Searching for Scholarships
Dec 23, 2014 03:06PM ● Published by Dia
The scholarship search is a significant undertaking; it's not something you can accomplish on a Saturday afternoon. Though applications and requirements may vary from year to year, it's never too early to begin.
Here are five things you can do to jumpstart your search and yield strong results:
Check Your Prospective Schools
Go to their website or call the financial aid office. If you meet the qualifications, find out how to apply. Don't assume that by applying for admission, you're applying for scholarships. It's often a separate process. Be aware that scholarship deadlines can be different from those set for the admissions application. In fact, some schools ask you to submit an application for scholarships prior to your application for admissions.
Inquire With Your Academic Advisor
If you are currently a student, you likely have access to an advisor or counselor. Take advantage! He or she may know about a scholarship that's a good fit for you. If there is a dedicated office for students heading to college or graduate school, find out what services they offer their students.
Research Local Community Groups
Do you belong to a church group or a local chapter of some national club? Are either of your parents a member of a union? Does either of them work for a large corporation? Many of these organizations offer scholarships to members and their children.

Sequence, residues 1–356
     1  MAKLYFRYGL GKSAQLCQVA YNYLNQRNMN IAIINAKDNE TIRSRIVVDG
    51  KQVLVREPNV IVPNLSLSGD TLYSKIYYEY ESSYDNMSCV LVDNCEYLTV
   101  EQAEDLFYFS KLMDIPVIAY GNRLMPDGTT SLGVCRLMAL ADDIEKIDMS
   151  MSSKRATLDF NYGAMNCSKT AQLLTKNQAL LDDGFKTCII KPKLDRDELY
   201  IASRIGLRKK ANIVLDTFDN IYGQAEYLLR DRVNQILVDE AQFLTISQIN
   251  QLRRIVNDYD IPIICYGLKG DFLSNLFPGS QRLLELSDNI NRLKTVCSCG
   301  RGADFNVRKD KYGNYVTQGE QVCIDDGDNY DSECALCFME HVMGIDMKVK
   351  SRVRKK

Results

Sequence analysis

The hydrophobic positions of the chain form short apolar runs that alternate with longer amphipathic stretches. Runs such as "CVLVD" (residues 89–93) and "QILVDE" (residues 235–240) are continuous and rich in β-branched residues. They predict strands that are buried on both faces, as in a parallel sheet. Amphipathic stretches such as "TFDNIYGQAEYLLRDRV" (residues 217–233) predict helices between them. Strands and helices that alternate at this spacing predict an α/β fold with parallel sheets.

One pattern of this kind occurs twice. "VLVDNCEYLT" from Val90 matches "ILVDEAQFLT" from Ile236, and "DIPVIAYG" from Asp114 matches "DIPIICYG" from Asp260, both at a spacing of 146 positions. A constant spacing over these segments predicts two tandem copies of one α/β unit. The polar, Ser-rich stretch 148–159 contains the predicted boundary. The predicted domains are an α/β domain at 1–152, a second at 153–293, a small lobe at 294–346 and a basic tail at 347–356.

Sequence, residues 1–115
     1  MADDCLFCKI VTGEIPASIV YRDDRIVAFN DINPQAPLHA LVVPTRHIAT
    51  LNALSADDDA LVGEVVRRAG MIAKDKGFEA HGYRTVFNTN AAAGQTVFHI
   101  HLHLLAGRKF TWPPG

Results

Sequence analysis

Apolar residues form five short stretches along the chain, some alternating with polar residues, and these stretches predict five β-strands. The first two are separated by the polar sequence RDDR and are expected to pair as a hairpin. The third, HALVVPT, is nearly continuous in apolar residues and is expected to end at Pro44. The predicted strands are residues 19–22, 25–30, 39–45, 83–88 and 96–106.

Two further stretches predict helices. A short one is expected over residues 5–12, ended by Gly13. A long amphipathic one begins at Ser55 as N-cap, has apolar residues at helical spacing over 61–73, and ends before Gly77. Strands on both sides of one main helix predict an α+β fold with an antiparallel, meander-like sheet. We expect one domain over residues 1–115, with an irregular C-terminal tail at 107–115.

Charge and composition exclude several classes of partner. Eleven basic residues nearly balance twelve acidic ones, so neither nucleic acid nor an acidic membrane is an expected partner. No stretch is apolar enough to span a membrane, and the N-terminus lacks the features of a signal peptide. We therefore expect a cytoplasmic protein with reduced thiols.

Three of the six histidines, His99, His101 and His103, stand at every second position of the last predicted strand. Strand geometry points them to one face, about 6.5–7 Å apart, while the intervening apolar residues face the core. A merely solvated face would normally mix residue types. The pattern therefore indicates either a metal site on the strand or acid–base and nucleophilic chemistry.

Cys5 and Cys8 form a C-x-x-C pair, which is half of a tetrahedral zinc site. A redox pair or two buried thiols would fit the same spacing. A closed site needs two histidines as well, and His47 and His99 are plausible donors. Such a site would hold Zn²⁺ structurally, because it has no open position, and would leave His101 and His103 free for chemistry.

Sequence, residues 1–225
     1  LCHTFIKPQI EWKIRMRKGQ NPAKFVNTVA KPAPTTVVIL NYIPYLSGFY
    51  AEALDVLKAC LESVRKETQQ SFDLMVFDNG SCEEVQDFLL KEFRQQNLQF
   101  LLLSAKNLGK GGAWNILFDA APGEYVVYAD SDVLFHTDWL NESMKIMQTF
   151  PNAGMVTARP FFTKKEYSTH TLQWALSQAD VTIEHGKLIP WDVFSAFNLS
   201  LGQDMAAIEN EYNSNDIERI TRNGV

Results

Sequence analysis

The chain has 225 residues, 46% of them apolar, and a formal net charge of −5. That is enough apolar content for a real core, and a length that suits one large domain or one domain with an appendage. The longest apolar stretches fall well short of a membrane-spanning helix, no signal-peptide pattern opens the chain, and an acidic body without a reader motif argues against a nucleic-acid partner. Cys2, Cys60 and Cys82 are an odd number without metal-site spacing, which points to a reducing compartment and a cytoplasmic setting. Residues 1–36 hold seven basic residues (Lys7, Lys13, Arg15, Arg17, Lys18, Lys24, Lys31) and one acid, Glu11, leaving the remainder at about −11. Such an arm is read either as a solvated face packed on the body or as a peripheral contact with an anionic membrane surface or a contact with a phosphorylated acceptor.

When using a search engine, we recommend you refine your search. Simply typing in "scholarships" will yield thousands upon thousands of hits. Use qualifiers such as specific schools and programs of study to help narrow the field.
A word of caution: You should never pay money to investigate scholarships. Scholarship providers don't offer their awards to students who pay to find them; they offer them to all students.
Be Keenly Aware of Deadlines
Deadlines vary by scholarship; some are the summer before your senior year, others in the fall or as late as spring. To stay organized and keep track of due dates, we recommend keeping a calendar, and making your earliest deadline the deadline for all of your applications. Finally (and this cannot be stressed enough), do not miss your deadlines. You'll have no recourse if your application arrives late, and you will have zero chance of receiving that award.
A final word: You may review 100 scholarships before you find one that applies to you. Be patient and stay the course. Eventually you'll uncover a good match. And you'll appreciate all your research when you secure some funds!
About The Princeton Review
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